• I really wish that Ball-Staunton production had moved to New York. Sondheim was extremely enthusiastic about it, and though he doesn't say anything bad about productions of his shows, you could tell the enthusiasm was genuine, not just polite. I was intrigued by John Doyle's actor-musician version a few years ago, but in hindsight, I don't think Patti LuPone dancing around playing the tuba was vital to the piece. Audiences (myself included) might have been tickled by La LuPone doing that, but did it work?

    Doyle did have a really fascinating framework going on-- the show being set in an asylum where Tobias was taken after the plot ended-- but I would have rather heard Tunick's orchestrations (reduced slightly, even) than the actor-musician take. His production of PASSION last spring, however, was gorgeous, and his production of ROAD SHOW (BOUNCE/GOLD/whatever) was dazzling. I do admire him.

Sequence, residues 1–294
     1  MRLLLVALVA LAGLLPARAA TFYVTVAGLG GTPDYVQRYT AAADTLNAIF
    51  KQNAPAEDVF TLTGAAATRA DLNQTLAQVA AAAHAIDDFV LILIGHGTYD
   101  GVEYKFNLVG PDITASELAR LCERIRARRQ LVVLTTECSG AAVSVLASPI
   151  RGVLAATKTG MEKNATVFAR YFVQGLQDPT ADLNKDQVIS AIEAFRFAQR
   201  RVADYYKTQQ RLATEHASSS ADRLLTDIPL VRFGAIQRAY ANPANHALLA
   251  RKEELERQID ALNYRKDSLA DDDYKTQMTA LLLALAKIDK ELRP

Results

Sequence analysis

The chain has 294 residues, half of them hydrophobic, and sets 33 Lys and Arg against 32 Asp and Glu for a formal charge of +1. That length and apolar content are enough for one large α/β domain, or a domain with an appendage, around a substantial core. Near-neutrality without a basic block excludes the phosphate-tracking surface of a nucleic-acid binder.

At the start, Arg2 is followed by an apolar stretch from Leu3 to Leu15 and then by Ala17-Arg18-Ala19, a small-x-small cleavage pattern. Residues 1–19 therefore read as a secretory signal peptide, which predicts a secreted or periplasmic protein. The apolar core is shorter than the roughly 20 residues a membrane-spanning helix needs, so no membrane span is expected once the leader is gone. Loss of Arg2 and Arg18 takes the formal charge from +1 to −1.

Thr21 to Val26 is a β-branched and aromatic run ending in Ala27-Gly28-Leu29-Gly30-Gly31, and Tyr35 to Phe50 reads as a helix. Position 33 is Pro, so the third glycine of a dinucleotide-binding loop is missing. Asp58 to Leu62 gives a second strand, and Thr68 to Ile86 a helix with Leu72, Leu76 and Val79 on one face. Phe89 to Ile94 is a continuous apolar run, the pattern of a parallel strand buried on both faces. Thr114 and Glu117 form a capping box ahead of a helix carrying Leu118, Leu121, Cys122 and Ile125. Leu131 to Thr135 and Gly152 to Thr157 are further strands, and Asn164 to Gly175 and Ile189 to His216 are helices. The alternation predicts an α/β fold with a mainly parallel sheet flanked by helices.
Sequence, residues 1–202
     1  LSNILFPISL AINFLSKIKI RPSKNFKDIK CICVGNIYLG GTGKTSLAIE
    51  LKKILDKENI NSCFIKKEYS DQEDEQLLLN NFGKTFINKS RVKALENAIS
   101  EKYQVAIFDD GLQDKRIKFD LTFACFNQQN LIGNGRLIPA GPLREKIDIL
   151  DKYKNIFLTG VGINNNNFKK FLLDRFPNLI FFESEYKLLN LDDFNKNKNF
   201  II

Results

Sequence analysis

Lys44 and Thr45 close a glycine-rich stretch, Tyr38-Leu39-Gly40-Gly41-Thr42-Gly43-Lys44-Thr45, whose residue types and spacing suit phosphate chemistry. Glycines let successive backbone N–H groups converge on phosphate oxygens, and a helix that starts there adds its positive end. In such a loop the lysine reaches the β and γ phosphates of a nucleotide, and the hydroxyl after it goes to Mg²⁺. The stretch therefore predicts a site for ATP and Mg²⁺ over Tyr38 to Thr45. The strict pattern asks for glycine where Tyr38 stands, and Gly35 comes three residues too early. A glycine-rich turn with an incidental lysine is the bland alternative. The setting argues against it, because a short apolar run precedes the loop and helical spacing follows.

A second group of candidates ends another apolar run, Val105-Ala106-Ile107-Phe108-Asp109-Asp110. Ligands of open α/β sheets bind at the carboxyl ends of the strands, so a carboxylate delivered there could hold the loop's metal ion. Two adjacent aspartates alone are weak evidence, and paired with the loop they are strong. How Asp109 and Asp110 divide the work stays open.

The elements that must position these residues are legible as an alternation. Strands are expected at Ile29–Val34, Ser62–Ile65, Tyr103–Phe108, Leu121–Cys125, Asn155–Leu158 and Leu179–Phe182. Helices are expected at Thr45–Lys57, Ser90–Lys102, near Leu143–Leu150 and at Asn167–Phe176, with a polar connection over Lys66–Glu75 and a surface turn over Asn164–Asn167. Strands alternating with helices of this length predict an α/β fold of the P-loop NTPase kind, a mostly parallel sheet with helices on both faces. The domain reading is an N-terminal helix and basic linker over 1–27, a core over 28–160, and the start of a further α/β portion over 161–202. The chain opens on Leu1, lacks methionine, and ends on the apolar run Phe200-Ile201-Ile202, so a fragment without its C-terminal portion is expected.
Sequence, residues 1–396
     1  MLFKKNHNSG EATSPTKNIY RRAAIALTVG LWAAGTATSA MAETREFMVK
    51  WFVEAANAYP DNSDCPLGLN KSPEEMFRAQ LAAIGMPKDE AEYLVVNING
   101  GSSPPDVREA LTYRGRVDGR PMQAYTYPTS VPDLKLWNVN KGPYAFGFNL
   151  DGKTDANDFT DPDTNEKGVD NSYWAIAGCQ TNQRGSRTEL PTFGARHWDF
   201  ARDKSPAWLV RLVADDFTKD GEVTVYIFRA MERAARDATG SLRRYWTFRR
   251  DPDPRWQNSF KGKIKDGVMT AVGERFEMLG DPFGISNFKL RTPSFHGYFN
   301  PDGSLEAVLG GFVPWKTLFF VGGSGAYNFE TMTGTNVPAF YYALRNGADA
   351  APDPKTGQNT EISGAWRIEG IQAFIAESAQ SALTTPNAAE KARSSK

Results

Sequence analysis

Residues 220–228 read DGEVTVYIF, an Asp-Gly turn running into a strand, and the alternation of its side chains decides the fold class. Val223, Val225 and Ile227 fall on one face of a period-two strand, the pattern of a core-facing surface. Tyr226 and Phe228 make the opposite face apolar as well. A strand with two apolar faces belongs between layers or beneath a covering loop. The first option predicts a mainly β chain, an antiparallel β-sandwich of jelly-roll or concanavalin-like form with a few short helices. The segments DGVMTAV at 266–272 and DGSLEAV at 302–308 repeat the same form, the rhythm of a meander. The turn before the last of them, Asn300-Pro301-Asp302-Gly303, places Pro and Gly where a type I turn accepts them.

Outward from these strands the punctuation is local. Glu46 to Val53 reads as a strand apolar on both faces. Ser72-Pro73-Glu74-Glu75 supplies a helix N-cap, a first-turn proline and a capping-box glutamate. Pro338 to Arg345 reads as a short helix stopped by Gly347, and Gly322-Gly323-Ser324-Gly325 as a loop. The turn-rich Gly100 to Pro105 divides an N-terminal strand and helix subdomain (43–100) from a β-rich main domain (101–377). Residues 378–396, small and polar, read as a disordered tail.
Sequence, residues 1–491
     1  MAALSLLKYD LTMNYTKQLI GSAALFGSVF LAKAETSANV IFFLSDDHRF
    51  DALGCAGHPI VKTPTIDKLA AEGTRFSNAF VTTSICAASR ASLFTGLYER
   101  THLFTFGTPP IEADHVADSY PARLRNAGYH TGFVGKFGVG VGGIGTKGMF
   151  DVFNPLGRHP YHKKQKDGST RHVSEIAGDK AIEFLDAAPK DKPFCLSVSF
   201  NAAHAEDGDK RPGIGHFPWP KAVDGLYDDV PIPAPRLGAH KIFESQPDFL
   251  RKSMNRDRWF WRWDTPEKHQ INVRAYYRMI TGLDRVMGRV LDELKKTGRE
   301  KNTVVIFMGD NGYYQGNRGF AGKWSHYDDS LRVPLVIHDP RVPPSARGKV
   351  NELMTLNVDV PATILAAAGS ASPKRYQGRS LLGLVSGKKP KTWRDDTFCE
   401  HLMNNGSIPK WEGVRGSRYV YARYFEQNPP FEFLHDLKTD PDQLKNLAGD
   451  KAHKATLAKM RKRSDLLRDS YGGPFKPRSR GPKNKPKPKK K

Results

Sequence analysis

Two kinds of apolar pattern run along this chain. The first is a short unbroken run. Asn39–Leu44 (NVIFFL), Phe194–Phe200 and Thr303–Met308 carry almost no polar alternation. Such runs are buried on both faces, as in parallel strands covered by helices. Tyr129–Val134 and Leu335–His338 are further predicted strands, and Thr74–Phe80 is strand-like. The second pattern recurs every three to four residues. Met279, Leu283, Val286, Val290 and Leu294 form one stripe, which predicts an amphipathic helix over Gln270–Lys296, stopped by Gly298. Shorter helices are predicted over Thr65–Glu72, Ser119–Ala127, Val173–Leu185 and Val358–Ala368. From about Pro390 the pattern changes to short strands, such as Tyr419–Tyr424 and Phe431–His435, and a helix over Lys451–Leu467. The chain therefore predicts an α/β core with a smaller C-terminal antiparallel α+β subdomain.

• edited December 2013
    I thought I hated Sondheim, but I finally got around to listening to Assassins, and it's undoubtedly one of the best shows I've ever had the privilege to hear. There are even some Howard-quality lyrics in there, I'd say. "Everybody's got the right to some sunshine/Not the sun, but maybe one of its beams..."
  • Listen to more Sondheim-- it will grow on you, unless you're Walter Kerr reincarnated. The great man has said that of all his shows, ASSASSINS is the one he wouldn't change anything in and came closest to filling his and his collaborator's intention.